After a briefing from the Homicidse Squad in the Rotunda, the convoy moved out to assemble in the State forest south of Cheshunt. As everyone geared up, the dog squad returned after being out for about four hours. Satelite communications were established and the search parties moved out to the very end of Christopher's Track. The mission was to search about 100 metres either side of the track over a 3.5 kilometre distance. The troops spread out and marched their way back towards the base camp. They did not veer off course - they went through blackberries and swamps - they checked hollow logs and tree forks - searching all the way. They were supported by the mounted police and the helicopter.

About a kilometre into the trek, there was the unmistakeable stench of a decaying carcase coming downwind. Everybody's heartbeat quickened with the dreaded thought of finding what they were looking for, the remains of Kath Bergamin. The search intensified until the source of the odour was found. It was not Kath ... it was the remains of a dingo or a wallaby. There were mixed emotions of relief and frustration with the realisation of the reality of the situation if her body was found. After a hearty lunch, the search continued with the target area completely covered by late afternoon. Nothing of significance was discovered. No doubt, the NRE Dog Man, David Klippel, will be keeping a keen eye out as he works his way through the wilderness.
  • Woman Missing Border Mail - 29 Aug 2002
  • Missing woman treated as murder by David Byrnes - Border Mail - 21 Oct 2002
  • New leads in murder case by David Byrnes - Border Mail - 04 Nov 2002
  • Search begins for mum's body by Mark Butler - Herald Sun - 8 Nov 2002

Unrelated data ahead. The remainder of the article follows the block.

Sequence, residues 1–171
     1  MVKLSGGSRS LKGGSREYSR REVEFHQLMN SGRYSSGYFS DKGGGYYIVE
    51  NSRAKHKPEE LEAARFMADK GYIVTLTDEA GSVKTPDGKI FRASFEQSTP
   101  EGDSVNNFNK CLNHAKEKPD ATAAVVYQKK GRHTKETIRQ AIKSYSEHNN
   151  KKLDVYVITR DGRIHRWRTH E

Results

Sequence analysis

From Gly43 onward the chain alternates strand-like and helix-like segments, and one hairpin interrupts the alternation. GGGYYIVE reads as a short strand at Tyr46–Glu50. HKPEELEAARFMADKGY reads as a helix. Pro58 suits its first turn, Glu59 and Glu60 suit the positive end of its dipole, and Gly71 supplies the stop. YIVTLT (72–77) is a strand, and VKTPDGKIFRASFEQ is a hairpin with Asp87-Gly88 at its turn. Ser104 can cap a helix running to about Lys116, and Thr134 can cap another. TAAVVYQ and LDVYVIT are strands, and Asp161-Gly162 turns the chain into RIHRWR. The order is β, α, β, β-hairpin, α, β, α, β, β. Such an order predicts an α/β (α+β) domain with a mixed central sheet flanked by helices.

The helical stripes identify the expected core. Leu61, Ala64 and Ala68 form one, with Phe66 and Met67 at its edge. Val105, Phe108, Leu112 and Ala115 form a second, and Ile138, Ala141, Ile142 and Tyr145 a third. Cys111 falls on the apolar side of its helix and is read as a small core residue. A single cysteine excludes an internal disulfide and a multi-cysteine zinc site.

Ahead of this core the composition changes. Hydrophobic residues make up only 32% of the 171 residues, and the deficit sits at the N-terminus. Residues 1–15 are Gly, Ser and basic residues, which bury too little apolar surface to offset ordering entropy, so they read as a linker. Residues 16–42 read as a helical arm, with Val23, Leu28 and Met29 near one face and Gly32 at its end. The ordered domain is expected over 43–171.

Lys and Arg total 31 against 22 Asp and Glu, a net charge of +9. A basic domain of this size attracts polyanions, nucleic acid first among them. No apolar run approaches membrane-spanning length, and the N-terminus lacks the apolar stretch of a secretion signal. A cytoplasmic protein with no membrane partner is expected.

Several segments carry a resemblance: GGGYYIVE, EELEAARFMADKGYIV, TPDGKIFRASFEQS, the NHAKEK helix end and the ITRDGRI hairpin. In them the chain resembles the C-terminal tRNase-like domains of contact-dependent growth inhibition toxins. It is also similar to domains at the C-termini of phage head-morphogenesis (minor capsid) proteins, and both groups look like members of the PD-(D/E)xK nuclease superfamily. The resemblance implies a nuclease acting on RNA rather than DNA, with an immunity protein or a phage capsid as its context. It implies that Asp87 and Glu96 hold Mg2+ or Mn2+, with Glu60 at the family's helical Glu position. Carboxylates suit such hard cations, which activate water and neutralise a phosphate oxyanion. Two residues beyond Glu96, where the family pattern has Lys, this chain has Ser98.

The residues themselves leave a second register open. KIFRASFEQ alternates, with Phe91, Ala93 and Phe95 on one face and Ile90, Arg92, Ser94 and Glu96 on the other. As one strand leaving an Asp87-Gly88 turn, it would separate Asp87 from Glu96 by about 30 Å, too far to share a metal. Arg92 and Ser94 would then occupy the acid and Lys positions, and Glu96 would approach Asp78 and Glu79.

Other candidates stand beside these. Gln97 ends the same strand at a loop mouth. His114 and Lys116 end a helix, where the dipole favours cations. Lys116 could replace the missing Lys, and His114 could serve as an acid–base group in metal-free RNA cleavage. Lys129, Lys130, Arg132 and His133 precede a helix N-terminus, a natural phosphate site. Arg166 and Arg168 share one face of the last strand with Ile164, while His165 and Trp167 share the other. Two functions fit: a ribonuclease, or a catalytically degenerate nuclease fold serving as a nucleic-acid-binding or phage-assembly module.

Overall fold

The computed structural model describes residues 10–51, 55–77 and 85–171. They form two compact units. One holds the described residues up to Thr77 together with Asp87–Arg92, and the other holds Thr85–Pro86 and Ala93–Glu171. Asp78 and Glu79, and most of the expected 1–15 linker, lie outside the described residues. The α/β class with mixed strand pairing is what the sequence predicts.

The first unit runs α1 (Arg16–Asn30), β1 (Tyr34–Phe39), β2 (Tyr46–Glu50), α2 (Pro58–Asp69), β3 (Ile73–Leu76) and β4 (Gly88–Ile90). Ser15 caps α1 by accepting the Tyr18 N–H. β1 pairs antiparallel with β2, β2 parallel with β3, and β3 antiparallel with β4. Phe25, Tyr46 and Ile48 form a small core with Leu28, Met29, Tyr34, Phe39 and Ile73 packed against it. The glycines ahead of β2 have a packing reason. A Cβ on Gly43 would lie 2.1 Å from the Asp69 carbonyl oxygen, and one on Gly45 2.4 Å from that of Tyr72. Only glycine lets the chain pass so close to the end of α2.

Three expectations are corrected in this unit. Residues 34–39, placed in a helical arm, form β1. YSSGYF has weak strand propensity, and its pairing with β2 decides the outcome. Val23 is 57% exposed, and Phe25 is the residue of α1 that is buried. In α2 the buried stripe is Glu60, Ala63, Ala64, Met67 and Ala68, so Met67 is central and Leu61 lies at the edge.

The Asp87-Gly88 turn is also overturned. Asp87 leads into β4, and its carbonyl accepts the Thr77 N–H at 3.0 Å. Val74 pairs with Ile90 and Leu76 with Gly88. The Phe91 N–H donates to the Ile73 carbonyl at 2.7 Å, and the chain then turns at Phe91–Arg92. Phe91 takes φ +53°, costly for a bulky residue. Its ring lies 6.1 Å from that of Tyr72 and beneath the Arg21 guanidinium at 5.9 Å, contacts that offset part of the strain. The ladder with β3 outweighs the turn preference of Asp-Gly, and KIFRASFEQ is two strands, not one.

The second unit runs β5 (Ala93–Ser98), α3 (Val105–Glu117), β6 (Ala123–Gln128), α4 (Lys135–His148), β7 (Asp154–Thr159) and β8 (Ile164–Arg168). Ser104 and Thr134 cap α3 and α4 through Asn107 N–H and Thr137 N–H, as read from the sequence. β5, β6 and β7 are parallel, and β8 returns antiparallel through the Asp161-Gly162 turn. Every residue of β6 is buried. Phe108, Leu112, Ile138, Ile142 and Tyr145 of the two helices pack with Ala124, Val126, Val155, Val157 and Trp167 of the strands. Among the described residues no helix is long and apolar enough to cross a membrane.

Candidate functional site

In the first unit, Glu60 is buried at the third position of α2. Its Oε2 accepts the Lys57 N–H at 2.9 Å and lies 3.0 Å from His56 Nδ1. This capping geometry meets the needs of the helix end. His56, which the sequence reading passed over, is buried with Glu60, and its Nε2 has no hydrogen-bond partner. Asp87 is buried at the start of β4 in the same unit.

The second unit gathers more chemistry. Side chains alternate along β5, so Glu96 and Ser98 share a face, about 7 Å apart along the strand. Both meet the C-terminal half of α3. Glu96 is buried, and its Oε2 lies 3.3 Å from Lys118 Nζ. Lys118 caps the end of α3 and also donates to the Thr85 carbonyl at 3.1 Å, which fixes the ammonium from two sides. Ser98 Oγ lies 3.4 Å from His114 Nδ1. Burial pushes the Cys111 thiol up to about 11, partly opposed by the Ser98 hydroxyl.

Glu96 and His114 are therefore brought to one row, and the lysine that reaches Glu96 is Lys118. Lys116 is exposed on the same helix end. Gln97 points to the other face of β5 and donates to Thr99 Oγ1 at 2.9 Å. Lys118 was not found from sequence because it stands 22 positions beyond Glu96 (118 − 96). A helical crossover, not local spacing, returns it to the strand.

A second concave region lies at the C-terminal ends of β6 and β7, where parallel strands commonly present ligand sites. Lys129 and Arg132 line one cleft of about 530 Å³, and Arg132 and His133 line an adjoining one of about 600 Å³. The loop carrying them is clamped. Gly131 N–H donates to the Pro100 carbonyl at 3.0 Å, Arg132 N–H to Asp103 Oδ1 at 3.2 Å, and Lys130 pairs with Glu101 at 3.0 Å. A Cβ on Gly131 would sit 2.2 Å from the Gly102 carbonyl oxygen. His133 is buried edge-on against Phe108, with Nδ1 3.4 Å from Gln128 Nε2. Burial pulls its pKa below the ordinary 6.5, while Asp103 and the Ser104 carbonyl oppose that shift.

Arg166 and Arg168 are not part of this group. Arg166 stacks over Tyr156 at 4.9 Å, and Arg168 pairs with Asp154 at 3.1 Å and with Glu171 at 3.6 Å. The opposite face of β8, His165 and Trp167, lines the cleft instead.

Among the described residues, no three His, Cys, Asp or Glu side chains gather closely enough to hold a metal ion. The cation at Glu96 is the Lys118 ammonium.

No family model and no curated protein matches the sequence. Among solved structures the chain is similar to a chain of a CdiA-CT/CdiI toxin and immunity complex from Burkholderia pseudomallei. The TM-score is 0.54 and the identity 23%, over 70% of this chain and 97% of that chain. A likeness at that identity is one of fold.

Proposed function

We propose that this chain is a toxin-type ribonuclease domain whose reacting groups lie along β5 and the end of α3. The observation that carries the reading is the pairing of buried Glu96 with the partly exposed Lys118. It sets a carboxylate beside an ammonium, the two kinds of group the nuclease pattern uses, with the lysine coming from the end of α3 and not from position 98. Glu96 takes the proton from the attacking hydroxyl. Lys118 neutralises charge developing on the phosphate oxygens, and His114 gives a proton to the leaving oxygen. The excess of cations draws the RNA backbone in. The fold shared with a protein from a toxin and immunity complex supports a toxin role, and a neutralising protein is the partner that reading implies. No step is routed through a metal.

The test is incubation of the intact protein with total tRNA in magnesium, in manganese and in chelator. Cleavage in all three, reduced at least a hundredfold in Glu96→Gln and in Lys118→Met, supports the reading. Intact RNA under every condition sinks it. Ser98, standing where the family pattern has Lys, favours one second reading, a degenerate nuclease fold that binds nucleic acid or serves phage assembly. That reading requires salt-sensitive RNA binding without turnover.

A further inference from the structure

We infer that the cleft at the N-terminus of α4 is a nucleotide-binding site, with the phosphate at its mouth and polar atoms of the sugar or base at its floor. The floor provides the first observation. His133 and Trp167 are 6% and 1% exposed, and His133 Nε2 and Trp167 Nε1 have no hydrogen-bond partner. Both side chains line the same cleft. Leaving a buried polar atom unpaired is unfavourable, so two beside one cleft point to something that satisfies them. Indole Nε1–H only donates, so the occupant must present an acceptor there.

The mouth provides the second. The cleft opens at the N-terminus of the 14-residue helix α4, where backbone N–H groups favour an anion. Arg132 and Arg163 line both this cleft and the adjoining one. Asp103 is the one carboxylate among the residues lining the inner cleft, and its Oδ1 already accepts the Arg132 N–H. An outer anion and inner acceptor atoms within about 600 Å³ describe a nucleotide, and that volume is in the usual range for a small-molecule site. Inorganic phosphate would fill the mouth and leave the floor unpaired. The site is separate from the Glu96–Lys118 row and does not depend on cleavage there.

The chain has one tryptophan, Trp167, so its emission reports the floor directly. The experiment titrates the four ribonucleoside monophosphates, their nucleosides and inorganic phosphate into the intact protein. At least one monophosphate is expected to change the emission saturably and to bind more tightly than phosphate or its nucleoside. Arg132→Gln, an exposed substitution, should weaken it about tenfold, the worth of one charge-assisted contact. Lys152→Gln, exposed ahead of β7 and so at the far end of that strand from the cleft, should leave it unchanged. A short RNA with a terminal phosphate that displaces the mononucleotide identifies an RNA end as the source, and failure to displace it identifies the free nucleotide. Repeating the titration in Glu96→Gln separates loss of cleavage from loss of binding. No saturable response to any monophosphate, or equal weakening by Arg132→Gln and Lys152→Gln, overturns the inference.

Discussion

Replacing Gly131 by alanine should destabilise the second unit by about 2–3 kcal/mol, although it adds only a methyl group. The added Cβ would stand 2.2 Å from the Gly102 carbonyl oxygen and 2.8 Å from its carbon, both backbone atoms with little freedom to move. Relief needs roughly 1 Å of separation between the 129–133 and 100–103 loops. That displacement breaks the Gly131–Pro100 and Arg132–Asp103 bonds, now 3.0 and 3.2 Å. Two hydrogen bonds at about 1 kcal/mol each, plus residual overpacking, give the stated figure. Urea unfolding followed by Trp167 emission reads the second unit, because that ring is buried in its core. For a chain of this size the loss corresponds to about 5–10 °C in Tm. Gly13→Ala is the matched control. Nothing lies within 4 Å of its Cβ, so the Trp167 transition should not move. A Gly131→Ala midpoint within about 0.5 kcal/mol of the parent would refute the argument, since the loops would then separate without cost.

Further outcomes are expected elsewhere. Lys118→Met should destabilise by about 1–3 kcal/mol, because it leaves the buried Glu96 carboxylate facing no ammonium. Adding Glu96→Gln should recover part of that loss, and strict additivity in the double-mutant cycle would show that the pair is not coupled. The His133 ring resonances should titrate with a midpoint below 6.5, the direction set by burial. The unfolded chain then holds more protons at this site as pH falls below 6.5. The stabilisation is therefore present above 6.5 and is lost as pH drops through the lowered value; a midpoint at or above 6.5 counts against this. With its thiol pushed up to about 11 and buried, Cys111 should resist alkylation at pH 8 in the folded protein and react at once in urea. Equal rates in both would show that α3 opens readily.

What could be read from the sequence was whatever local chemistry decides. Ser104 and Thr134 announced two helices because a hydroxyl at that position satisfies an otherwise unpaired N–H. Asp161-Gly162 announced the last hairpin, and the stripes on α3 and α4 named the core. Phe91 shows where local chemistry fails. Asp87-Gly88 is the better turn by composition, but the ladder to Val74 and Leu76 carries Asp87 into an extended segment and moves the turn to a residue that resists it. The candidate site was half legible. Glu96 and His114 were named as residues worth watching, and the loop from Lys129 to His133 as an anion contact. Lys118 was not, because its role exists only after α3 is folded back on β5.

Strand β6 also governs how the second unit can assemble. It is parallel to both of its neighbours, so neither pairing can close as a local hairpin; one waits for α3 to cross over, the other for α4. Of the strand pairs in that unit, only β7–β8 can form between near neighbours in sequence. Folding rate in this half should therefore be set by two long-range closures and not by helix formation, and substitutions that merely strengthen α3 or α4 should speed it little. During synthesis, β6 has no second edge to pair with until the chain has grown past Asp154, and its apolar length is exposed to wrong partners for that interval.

• Police search for missing woman, believed murdered by Liz Gooch - The Age - 8 Nov 2002
  • Searching for a body by Jacki Schwind - The Chronicle - 8 Nov 2002
  • Vital links to murder found by Kristi Grant - Border Mail - 09 Nov 2002
  • Hunt for murder victim to continue - Border Mail - 11 Nov 2002
  • River Search by Jacki Schwind - The Chronicle - 13 Nov 2002
  •  - King Valley Community Profile, 31 October 2002



    Wangaratta women missing
    Wednesday, 28 August 2002 - Wangaratta Chronicle

    CONCERNS are held for a 37 year old Wangaratta woman, missing since Sunday, August 18.

    Police are concerned for the welfare of disability carer, Kath Bergamin, last spoken to by a friend at about 7.15pm on that day.

    Ms Bergamin has not contacted friends or relatives or returned home which is considered to be out of character.

    On Saturday, August 24, police and State Emergency Service volunteers searched a Cheshunt farm but the search did not reveal any information which may locate Ms Bergamin.

    Police are seeking public assistance in tracing Ms Bergamin's movements.

    They are also interested in speaking to anybody who may have seen any activity in the Brien Crescent area, near the Wangaratta West Primary School, between 6pm and midnight on Sunday, August 18.

    Ms Bergamin is described as Caucasian, 175cm (five foot nine inches), 65kg, short fair hair and green eyes.

    She was last seen wearing three-quarter length, red Adidas gym pants with white stripes, a white Tommy Girl t-shirt with a red and blue logo and a red-colored, hooded windcheater-type jacket.